“In terms of the utility side, I do think the RPS in states is definitely driving procurement but we are also seeing utilities that are not subject to RPS provisions procuring renewables given the cost. You see some procuring solar and that is partly due to customer demand and customer requirements effectively,” explains Woody. “Despite some regulations around RPS goals we do see a lot of utility renewable procurement outside of those regulatory frameworks.”
In addition to RPS, states across the nation have been adopting Integrated Resource Plans (IRPs) that follow a simple mantra: less coal and more renewables. Georgia, a particularly low-cost market, initiated a 20-year IRP this year to add renewable energy, predominantly solar to the state. Georgia Power recently added 525MW of renewables under its latest IRP programme.
Signal not a driver
Separate to any state incentives or utility rebates, demand for solar power is a driver unto itself as consumers and energy providers are realising the worth in a clean and increasingly cheap source of energy.
“We are seeing customer demand increasing pretty rapidly – customers are definitely driving energy and technology trends, most frequently in the renewable space. Most of those customers have significant renewable energy goals and they are demanding change,” says NRG’s Prince.
“In our business today, especially on the utility-side, I would say we are not really an incentive-driven business, we are more of a market-driven business. Where market fundamentals are good is where the electricity market properly values what solar provides to the electricity grid,” explains Brian O’Hara, senior vice president of strategy and government affairs at EPC Strata Solar. “Incentives like RPS in the states that we are operating in now are as much a signal to the market as they are an actual market driver; the RPS is not fundamentally what is driving the growth of solar, it is really the economics. Since we are in the southeast, many of those states don’t have a RPS and yet we still have a fairly robust solar market there.”
In addition to that, the cost to install solar has dropped more than 70% over the last 10 years. “We continue to see really significant drops in component pricing and I think what that is doing is continuing to drive down the levelised cost of solar and open market potential up,” says O’Hara, who also adds that a further driver propelling solar as a whole is increasing recognition by utilities that solar is an integral part of their portfolio. In future, when solar is fully amortised, it will be even more attractive in its ability to produce power at low operational costs in the absence of fuel cost inputs.
Supply and demand
Over the last 10 years US manufacturing has been on the relative decrease with strong competition from Asian module and inverter manufacturers. Despite the ITC extension causing a hangover in the first and earlier part of the second quarter, particularly in the utility space, US manufacturing is facing a bigger problem: China. With vendors such as Trina Solar and JA Solar forecasting more shipments to the US in Q2, there is more pressure for US panel manufacturers to sell at lower prices.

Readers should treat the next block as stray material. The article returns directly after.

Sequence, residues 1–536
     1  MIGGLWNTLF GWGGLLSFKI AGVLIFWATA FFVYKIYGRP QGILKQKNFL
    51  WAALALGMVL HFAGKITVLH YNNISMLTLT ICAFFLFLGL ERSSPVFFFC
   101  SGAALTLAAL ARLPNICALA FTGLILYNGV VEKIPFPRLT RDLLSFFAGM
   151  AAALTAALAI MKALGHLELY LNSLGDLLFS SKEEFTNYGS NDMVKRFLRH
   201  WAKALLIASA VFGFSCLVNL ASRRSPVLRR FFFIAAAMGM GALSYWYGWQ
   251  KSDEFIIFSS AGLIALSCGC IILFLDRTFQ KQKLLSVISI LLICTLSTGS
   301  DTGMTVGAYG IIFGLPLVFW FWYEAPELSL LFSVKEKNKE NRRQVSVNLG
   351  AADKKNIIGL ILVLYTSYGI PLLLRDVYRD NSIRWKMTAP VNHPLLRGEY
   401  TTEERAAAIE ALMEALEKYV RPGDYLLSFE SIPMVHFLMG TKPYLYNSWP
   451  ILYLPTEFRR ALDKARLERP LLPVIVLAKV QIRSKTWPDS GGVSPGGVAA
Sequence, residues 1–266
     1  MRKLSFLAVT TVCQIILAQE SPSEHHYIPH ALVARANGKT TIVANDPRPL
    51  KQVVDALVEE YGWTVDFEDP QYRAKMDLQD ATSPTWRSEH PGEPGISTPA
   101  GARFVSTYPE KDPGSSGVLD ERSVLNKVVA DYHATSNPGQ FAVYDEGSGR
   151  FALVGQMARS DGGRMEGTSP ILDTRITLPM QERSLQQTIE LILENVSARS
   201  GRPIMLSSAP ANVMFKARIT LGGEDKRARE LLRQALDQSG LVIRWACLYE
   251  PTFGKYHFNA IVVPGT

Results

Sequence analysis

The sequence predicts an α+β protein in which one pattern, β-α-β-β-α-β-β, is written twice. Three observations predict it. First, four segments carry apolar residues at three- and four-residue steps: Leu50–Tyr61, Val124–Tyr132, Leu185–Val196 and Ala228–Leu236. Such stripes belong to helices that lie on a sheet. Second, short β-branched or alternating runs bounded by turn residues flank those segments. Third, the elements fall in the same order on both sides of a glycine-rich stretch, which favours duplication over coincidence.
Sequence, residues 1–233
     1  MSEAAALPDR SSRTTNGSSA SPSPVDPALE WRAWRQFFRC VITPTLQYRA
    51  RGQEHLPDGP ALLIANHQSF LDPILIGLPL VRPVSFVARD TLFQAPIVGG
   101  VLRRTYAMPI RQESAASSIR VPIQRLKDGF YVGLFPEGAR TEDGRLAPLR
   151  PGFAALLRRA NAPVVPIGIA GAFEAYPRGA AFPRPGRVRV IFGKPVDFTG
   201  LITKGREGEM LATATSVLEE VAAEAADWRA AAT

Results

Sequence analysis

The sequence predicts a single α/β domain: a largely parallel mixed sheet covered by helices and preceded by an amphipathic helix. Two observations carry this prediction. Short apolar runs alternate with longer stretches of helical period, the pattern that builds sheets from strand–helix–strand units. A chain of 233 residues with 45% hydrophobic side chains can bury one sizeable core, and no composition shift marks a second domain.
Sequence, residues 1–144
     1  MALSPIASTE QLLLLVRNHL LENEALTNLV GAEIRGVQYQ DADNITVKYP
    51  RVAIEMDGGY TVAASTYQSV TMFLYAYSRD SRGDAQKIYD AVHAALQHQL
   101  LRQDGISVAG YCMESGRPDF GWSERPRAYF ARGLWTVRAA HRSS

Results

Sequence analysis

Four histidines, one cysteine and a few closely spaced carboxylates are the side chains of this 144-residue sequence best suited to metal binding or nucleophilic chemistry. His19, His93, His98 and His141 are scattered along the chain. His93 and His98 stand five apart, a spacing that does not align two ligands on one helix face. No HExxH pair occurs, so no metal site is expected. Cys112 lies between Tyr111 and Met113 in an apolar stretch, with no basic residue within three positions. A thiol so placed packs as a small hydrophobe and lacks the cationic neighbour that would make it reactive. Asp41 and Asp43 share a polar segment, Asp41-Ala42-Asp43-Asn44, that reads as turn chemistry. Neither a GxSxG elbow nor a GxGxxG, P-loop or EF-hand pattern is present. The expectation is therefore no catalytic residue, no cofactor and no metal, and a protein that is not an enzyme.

The punitive tariffs on Chinese firms have meant there is a trend for factories being added in Malaysia, Thailand and Vietnam over the last 18 months, so supply is not a problem. In fact, the 14.5GW of installations GTM and SEIA forecast for 2016 should confidently be met despite the duties squeezing out some Chinese supply.
A substantial amount of that 14.5GW of PV module demand does not come from US manufacturing plants, with the majority having to be imported. Hanwha Q CELLS, which manufactures in South Korea and Malaysia, has a shipment contract for 1.5GW for 2016 and imported 500MW into the US last year. In addition, Trina Solar (Thailand) and JinkoSolar (Malaysia) now have major production facilities in South East Asia, while REC Group manufactures in Singapore, and around 60% of their sales last year came from the US. With all of that said, that 14.5GW should easily be supplied, even in spite of the tariffs.
“I think there’s a tremendous amount of talk of overcapacity in the media. When it gets down to actual buying behaviour though we still see a real urgency from people to buy,” says Matt Card, executive vice president of commercial operations at US module firm, Suniva. “There may be overcapacity in the more commoditised multi products, and a tremendous amount of supply and demand there, but in higher powered, higher quality mono products demand is still the driver more than an oversupply situation.”
SunEdison founder and clean-tech investor Jigar Shah echoes this sentiment: “I think what you’re finding is that the solar industry just simply can’t help itself. And so even though there is supposed to be a pull-in of manufacturing capacity, people are so desperate to build more capacity that it just seems like manufacturers cannot produce a shortage of product, even if their life depended on it. Everyone keeps predicting a shortage of product and then you look at the market and you realise there is no shortage of product.”
There is in fact a general increase in demand for high-efficiency modules, which allow the number of modules needed to power a system to be cut to generate the same kilowatt hours, which reduces upfront costs and even requires fewer or smaller inverters. This is particularly attractive in the US where there are significantly higher irradiation levels than generally found in the northern hemisphere, for example.
“We are seeing an increased premium being placed on power density. Part of the reason for that is that people are understanding that the more power you can generate off a rooftop, the better off your application is going to be,” explains Card. “But also, quite frankly, most of our more developed regions, the really easy to develop pieces of land are becoming fewer and far between; the perfectly square, no trees, all flat, sitting right next door to a substation land is all gone. And so now you are getting land where more compromises have to be made. As land becomes less optimal, the need for power density goes up because the cost of developing the land is more expensive. We’ve seen great uptake of high-power products in that micro-utility space and certainly the commercial and industrial space.”